Work of 12 contemporary graffiti writers: a history that the institutional art world, and politicians, ignore and even censor. An exhibition that puts the artists behind the graffiti movement on display, challenging stereotypes about both the form and its practitioners.
Curated by Antonio Zaya
To paraphrase Brecht’s “Book of Changes," the nation that would draw from its own written histories has much to gain. That same advantage falls upon those who would record their own personal histories.
The Martinez Gallery is pleased to present SELF-PORTRAIT, a groundbreaking new exhibition that puts the artists behind the graffiti movement on display, challenging stereotypes about both the form and its practitioners.
This collective self-portrait, which includes the work of twelve contemporary graffiti writers, exposes a history that the institutional art world, and politicians, ignore and even censor. But the real legend of New York graffiti is a three-decade’s old story that never is truly and honestly told, one that reminds us, as critic Charles Merewether says, “the past is not finished."
SELF-PORTRAIT consists of the work of CASE 2, COCO 144, GIZ, JA, KEZ 5, LES, NATO, NOXER, RATE, SKUF, TRACY 168 AND VFR displayed within the confines of a theatrical forum, and instead of delivering the predictable punchline of graffiti as received in popular culture, these artists produce a wildly varied, unexpected and nakedly honest portrayal of themselves and their form.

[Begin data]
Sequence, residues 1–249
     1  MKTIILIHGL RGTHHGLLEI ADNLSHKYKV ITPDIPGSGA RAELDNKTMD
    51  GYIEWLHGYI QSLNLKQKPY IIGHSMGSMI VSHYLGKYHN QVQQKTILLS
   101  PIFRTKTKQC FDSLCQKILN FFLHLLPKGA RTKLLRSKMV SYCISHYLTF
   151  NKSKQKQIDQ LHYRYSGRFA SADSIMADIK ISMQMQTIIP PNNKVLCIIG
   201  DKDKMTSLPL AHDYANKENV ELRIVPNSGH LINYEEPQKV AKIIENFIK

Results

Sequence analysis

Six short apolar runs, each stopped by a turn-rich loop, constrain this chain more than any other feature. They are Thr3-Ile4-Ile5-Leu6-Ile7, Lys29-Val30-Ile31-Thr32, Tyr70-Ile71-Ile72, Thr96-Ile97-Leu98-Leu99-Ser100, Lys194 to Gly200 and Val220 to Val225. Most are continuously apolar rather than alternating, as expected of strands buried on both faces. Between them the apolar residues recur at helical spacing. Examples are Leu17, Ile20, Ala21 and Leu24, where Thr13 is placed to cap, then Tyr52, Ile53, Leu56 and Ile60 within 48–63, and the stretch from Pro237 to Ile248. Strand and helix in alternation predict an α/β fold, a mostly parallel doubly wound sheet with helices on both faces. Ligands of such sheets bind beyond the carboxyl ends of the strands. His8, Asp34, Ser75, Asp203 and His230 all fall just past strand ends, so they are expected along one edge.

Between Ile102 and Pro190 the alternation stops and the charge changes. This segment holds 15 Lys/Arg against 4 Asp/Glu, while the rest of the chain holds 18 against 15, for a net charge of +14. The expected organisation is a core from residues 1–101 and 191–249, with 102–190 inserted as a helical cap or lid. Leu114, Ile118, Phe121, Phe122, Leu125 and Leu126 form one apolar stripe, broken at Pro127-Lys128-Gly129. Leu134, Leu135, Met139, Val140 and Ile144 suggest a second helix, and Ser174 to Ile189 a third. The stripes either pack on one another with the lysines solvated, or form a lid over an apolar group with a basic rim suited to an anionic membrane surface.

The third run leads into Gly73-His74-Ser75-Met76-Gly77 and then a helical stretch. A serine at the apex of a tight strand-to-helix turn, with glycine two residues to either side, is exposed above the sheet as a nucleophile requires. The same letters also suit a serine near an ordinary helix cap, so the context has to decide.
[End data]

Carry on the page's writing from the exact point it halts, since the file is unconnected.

Their appearance in this unexpected venue aims at what is perhaps the most unique, central and misunderstood, element of graffiti: authorship. A strange breed of narcissism, authorship adopts, replaces, substitutes and obscures the name itself, a game played with destiny through illegal means. Although the graffiti writer does not reveal his “real identity" in his clandestine works, what he has done, what he does and what he will do to establish a different, equally real, real identity. And that identity is jealous; it consumes the artist, devours him, removing him from both his old life and the official lists of “power art," making of him a delinquent in more ways than one.
Thus the themes so common to graffiti: --Is one’s identity that which he creates or that which others create for him? --Is one’s identity invented or that which we are allowed to see? --Is it what one learns or what he rejects that defines a person?
The graffiti writer concerns himself, constantly, with identity; always he dwells on his origins, race, barrio, popular culture; the mirrors that society holds up to him. His deal with the world is a cruel one: the city walls are his picture of Dorian Gray, his mirror and his youth spent. Faced with power that seems to always cast him out, he reacts with exhibitionism, dissidence, resistance, pride, survivalism, folly, crime and repentance - a passionate, painful life of social invisibility. He is today’s Invisible Man.
In SELF-PORTRAIT, the graffiti writer is lost in himself, like fragments of a shattered looking glass, a prisoner of the reality he has defined. His identity can only be found in the shadows, corners and limits of society. But the lingering question is one that Brecht proposed in critiquing supposedly “bad" art: why do we need such medicine? Why do we need graffiti? Beyond thinking about authorship, one of the objectives of SELF-PORTRAIT is to eradicate the line of thinking that associates graffiti only with spray paint. In this show, graffiti looks at itself through photography, video, drawing, installation and performance, exploring its very real, if seldom seen, body, context, action and lasting mark. Artists spanning 36 years of the history of a form born in New York and adopted by the entire world, despite endless repression, gather to make themselves evident
Opening: 22, June, 2006 from 6 - 8
37 Greenpoint Avenue - New York
Hours: Fridays & Saturdays 12 - 6 PM and by appointment.